A financial reckoning lurks silently in the shadows ready to envelop the overburdened, overwhelmed Connecticut taxpayer. Commencing Jan. 1, unless you are a state employee, your weekly paychecks will get smaller; 0.5% smaller to be exact. Phase One of “The Paid Family and Medical Leave Act” officially institutes its slow grind of separating you from your hard-earned income at the onset of the new year.
State employees are exempt from this new tax since they currently have a publicly funded plan already in place.
Following the 2018 election, the Connecticut legislature enacted the Paid Family and Medical Leave Act, which creates a system that will entitle each eligible Connecticut employee to paid family leave. The deduction applies to each employee’s wages up to the Social Security contribution base ($142,800 in 2021). The program is targeted to begin in 2022 and will provide workers in Connecticut with access to the necessary benefits that will allow them to take time off work when they need to care for their own health, a newborn child, or a sick family member.
Critics are concerned the plan is underfunded and overtly susceptible to fraud. Naysayers contend “The Paid Family and Medical Leave Act” is another example of death by 1,000 paper cuts: small tax after small tax after small tax until you finally bleed out.
Connecticut’s nanny state is methodically tightening its grip on our individual freedoms, choking the state’s taxpayers, making fiscal suffocation inevitable. What we have is yet another underfunded big-government program designed to displace personal responsibilities.
This state’s residents are taxed enough already. The Tax Foundation released its annual ranking of states based on their overall business tax climate and placed Connecticut 47th in the country. Kiplinger ranked “The 10 Least Tax-Friendly States for Middle-Class Families” and Connecticut was only better than Illinois.
Democrats seemingly know little else but taxes and fees. Brace yourself for 2021 as the state’s bi-annual budget deficit could eclipse $4 billion and legislators will make every effort to squeeze taxpayers for more.
Last week on my radio show, I was lucky enough to sit down and speak with Andrea Barton Reeves, the CEO of the Connecticut Paid Family and Medical Leave Insurance Authority. The authority, which was created through legislation the governor supported and signed, is charged with administering Connecticut’s recently adopted paid family and medical leave program. I applaud her for coming on considering she was well aware of my skepticism about the new law.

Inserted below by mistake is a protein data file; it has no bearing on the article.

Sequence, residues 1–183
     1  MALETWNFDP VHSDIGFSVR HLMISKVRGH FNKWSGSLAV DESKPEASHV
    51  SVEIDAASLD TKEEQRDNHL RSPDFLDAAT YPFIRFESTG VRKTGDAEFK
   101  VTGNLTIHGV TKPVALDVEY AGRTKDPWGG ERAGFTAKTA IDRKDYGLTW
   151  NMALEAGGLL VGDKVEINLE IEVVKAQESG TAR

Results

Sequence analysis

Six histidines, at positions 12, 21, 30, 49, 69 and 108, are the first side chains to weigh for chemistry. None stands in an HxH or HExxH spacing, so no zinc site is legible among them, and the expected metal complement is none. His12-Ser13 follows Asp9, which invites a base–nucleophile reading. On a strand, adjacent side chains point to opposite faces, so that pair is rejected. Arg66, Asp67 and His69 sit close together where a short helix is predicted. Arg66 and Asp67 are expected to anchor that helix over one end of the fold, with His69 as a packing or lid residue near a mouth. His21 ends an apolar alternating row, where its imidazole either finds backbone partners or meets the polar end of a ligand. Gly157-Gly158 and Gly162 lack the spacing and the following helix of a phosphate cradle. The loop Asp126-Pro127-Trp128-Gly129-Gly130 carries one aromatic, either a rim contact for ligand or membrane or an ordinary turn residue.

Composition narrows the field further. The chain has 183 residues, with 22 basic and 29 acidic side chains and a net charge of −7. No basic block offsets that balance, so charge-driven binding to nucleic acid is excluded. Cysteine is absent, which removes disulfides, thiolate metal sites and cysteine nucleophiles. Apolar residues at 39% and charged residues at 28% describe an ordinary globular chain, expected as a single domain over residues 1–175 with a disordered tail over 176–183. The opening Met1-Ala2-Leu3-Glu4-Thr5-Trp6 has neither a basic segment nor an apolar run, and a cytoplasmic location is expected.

I wanted to share a few of our exchanges.
Elci: What do you say to the people who are exhausted paying taxes and, in the end, may never use this new program?
Reeves: “I completely understand that, but from my own life experience, time catches up with us. I never thought I would spend two years taking care of my father who became very sick, and I had to leave work with no income replacement.”
Elci: Can I take time off if it’s a friend and not a family member who is sick?
Reeves: “We do have a very expansive definition of family, meaning it could be people who are close to you but might not be related. What most people are concerned about is this definition of close affinity, and we are working hard to narrow that definition while still leaving it flexible enough to allow people to care for people who are close to them.”
Elci: Is there a department within your organization that looks for fraud?
Reeves: “We plan on partnering with an outside agency that looks for this sort of thing and has the expertise in dealing with it.
Elci: Are you confident the plan will have enough money?
Reeves: “In the worst-case scenario we won’t run out of money, and with certainty we will be able to pay the claims that people intended to file. The statute does have a provision that allows us to adjust downward the amount of benefits people receive so that the fund will remain solvent.”
Despite Reeves’s positive intentions and engaging personality, I left the conversation as cynical as when we started. There is no assurance the program will be funded adequately. There appears no concrete answer for combating fraud or abuse in what will be the most liberal family leave policy in the country.
If you earn $40,000/year you’ll pay $200 into the system and for that modest sum you get 12 weeks of paid time off at 95% of salary, equating to a return of 47 times your yearly investment. Lacking strong oversight, grifting and grafting will become commonplace.
The underbelly of society and its propensity for unethical behaviors will destroy this road paved with good intentions.
Lee Elci is the morning host for 94.9 News Now radio, a station in Southeastern Connecticut that provides “Stimulating Talk” with a conservative bent.